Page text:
"Layman Pang" was originally from Hengyang in the southern Chinese province of Hunan. He was a successful merchant with a wife, son, and daughter. His wealth allowed him to devote much time to meditation and the study of Buddhist sutras, in which the entire family became well-versed.
Pang built himself a small hut to do sitting meditation for hours every day when he wasn't reading the sutras. One day, reading a sutra with his family, he cried out: "Difficult! Difficult! Like trying to scatter ten measures of sesame seed all over a tree."
"Easy, easy," Mrs. Pang said; "like touching your feet to the ground when you get out of bed."
"Neither difficult nor easy," their daughter Ling Zhao said. "On the hundred grass tips, the great Masters' meaning."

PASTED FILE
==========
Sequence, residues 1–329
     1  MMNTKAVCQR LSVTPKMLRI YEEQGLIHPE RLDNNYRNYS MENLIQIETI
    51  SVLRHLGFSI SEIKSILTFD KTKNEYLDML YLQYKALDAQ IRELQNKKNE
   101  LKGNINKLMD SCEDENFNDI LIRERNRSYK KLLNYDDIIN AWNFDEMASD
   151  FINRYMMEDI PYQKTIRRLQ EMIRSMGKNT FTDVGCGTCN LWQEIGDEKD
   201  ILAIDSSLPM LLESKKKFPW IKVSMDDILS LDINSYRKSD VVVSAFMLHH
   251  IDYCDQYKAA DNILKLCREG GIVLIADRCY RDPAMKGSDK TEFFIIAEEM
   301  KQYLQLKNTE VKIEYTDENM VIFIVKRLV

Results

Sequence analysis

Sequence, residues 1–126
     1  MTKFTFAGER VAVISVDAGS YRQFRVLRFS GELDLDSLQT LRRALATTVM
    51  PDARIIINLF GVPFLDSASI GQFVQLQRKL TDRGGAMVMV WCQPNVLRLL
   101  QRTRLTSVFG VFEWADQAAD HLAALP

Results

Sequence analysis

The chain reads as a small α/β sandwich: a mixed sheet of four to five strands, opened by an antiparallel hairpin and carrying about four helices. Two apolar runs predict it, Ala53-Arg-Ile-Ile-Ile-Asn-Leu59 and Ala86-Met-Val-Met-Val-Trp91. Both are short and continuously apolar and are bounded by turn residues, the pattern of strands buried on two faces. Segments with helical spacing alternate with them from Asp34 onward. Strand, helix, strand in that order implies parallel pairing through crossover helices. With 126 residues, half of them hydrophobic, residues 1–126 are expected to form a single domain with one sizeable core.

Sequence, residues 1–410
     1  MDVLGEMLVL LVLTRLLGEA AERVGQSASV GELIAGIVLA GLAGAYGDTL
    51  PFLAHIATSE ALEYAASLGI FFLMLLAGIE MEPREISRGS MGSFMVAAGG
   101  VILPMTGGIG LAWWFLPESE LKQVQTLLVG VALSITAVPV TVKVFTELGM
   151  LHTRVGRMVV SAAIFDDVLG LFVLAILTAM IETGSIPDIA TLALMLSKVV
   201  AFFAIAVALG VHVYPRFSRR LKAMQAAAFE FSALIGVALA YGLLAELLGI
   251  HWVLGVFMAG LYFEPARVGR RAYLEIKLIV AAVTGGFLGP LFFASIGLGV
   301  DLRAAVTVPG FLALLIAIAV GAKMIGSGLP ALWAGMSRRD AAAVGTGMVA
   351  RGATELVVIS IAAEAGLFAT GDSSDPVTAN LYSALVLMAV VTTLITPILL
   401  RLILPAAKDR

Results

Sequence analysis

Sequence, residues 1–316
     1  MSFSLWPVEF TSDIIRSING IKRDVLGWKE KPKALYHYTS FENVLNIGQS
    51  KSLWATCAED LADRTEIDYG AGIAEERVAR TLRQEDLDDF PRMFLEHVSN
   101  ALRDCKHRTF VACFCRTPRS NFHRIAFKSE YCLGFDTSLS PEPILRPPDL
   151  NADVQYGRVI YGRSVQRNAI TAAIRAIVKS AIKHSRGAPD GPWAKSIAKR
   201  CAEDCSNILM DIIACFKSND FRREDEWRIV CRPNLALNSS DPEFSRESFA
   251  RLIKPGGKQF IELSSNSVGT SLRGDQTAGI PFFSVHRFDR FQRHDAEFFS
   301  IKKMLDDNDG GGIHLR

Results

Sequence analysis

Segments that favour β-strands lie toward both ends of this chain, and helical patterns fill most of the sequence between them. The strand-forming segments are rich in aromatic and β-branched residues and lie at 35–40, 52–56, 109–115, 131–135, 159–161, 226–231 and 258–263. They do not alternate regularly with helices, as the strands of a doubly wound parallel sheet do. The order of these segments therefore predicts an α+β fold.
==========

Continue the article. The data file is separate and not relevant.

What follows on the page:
Shortly after this, the Pang family loaded all of their possessions in a boat which they sank in a river.
Then the family began travelling around China to various Buddhist masters, while earning their living by making and selling bamboo utensils.
About this time Pang went to see Shitou Xiqian, at Nányuè Mountain. Upon arrival, he went directly to Shitou's room and asked, "Who is the one who is not a companion to the ten thousand dharmas?"
Shitou placed his hand over Pang's mouth.
At this, Pang experienced a deep realization of the meaning of Zen.
One day Shitou asked Pang what he had been doing lately, and Pang responded:
So miraculous, such spiritual wonders!
Hauling water, chopping firewood!
He eventually moved on to Jiangxi province to study with Master Ma-Tzu. He approached Ma-Tzu with the same question that he had initially asked Shitou: "Who is the one who is not a companion to the ten thousand dharmas?"
Ma-Tzu said: "I'll tell you after you've swallowed up the West River in one gulp."
Hearing these words, Pang experienced great enlightenment.